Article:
Remove the cause and the problem goes away – or does it?

Published: August 2011

Bulletin #2 - August 2011

Remove the cause and the problem goes away – or does it?

The young patient is 8 years old and mother has brought him in because the left central incisor erupted a year ago, but not the right one. She did not bring him in at the time, because she thought that it would erupt eventually and she was not overly concerned. However, she is now worried because both lateral incisors have erupted and the space for the unerupted right central incisor has been partially closed off by the three erupted incisors, which have tipped mesially. The left central incisor has in fact moved 2 mms to the right and across the midline.

At your clinical examination, the alveolus in the right central incisor region appears fairly wide or perhaps a little bulky and it certainly feels as though there is a tooth underneath the mucosa. You prescribe a periapical radiograph which clearly shows a supernumerary conical tooth, with little or no root development, superimposed on the image of what appears to be a normal, but displaced, central incisor. The root of this incisor is well over 2/3 of its final root length, although its apex is still open and the tooth itself is quite high in the alveolus.

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Fig. 1. the clinical and panoramic radiographic views of an 8 year old child with an impacted right maxillary central incisor, due to a small mesiodens.

If you are a GP or a pediatric dentist, what would you do?

Many GP’s will refer the patient to an oral and maxillofacial surgeon and have the supernumerary tooth removed, on the assumption that this abnormal tooth is the cause of the problem and that, following its removal, the unerupted right central incisor can be expected to erupt spontaneously. The OMFS is delighted to oblige and the child comes back to you 3 months later, then 6 months later and then a year later, but still with no right central incisor in sight.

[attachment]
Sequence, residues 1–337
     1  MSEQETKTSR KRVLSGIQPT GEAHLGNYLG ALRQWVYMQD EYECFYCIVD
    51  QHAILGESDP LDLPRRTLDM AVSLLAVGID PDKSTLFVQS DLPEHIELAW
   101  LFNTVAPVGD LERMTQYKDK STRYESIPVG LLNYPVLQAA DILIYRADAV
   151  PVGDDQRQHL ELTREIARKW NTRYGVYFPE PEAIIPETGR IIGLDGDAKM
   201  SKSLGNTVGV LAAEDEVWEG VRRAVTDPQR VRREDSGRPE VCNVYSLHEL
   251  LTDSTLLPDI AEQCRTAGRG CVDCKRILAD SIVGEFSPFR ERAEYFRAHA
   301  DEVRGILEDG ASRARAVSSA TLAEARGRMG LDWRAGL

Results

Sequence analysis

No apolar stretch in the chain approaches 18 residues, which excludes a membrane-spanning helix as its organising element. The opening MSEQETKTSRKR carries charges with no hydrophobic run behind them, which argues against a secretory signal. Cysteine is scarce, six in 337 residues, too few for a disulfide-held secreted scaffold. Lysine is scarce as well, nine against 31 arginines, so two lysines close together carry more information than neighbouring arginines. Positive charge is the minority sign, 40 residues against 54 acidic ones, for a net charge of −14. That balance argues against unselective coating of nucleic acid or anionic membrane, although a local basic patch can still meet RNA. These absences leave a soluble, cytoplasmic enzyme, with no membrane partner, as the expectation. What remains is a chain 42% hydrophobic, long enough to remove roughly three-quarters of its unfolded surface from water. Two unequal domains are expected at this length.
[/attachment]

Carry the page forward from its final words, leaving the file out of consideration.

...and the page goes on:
If you are an OMFS, what would you do?

It is reasonable to assume that you would do the same and, most likely, you will have allayed mother’s worry by radiating confidence that the tooth would erupt very quickly in the months that followed. However, as an OMFS, you most probably do not have an efficient recall system to follow up the patient and may never know if the incisor erupted.

If you are an orthodontist, what would you do?

A large proportion of orthodontists would also do exactly the same. Of all dental practitioners, the orthodontist probably has the most reliable recall system, but failure of the tooth to erupt means that something must be done. By the time failure has been determined and accepted, the child is 9 or 10 years of age, he has a seriously compromised dental alignment, he refuses to smile, the kids at school are making fun of him and mother is mighty concerned.

Is this scenario a common occurrence or do teeth that are impacted due to obstruction usually erupt spontaneously?

The literature goes back a long way on this particular point, but some basic principles have evolved over the years, the concensus largely being that (a) space should be prepared by orthodontic movement of the adjacent teeth, then (b) the supernumerary tooth should be removed.1-11